This Breathing World
This novel encompasses two mirrored stories: one set in 1st Century Rome, the other in 1950s Harvard. The Roman narrative tells of Mazuf, Syrian slave and “lover of boys,” who rises from being a lowly scribe to a celebrated man of letters. He makes his mark by manipulating the texts he is transcribing, surreptitiously editing and correcting them, becoming a ventriloquist and secret author. He is also a murderer who is never punished for his crime. When he gains his freedom, he trains his young lover-apprentices to correct and edit the works of such authors as Ovid, Virgil, and Herodotus, as a reminder that history itself can be rewritten and transformed.
The theme of pederasty continues in the Harvard narrative as 19-year-old Laurence becomes the lover and protégé of a powerful older man in the university library. He also becomes obsessed with Jonathan, a brilliant young man his own age, who is driven by masochistic desires that Laurence is only too willing to fulfil. Jonathan attempts to alter history by cutting apart and reassembling the pages of Edward Gibbon’s Decline and Fall of the Roman Empire. Then Laurence murders him.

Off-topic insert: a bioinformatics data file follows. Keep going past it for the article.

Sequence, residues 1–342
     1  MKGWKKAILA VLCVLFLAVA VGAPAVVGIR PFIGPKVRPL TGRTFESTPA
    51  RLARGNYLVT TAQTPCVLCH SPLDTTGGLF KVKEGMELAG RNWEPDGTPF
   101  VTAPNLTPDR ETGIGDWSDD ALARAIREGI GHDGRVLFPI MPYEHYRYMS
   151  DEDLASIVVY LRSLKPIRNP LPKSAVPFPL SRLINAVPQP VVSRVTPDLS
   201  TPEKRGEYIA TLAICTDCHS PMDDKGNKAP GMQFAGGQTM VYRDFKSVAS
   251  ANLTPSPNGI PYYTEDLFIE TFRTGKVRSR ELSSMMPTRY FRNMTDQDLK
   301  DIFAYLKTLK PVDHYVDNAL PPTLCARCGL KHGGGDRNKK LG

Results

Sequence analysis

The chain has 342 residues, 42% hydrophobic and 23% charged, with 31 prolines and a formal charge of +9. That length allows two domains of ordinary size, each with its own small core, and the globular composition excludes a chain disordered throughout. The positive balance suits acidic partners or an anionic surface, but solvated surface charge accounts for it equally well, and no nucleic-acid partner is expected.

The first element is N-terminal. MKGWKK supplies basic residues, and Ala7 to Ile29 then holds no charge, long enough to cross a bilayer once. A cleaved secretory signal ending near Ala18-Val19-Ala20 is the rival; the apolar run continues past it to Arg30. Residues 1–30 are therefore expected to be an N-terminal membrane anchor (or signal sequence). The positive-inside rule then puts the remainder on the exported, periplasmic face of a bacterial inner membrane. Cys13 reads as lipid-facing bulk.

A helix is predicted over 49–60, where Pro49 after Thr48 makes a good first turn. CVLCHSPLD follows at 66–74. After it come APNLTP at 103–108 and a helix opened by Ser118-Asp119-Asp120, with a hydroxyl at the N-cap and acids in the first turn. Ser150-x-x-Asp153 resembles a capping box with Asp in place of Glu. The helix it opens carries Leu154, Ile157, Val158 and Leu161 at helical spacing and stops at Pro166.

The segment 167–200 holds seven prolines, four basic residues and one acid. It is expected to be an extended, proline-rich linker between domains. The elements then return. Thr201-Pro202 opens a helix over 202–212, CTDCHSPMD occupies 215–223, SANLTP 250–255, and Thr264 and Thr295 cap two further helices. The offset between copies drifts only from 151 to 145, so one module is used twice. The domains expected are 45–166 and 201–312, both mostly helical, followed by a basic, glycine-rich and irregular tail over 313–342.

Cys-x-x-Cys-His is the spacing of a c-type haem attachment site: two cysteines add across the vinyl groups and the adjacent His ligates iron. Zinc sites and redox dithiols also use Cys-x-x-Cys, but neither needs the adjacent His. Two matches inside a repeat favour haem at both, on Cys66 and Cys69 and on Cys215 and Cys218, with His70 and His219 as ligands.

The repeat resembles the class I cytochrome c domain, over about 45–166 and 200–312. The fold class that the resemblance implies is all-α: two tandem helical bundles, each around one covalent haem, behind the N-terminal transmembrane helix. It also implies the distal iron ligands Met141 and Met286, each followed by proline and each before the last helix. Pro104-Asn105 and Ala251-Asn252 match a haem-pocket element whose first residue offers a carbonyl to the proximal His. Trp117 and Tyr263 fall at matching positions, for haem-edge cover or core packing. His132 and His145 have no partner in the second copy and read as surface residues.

The author’s unflinching examination of the dark side of male homoeroticism is the novel’s strongest point and brings to mind the work of Alan Hollinghurst. Unfortunately, on a literary and philosophical level, the novel falls flat, at least in this particular translation. The first-person American narrative for the Harvard sequence reads very obviously as a translated text, featuring such howlers as, ‘He didn’t have an Arizona accent.’ The author tends to indulge himself: his characters converse in flowery speeches and there are so many library orgies that one grows bored. An ambitious novel, nonetheless, that might have been much more powerful in the original language.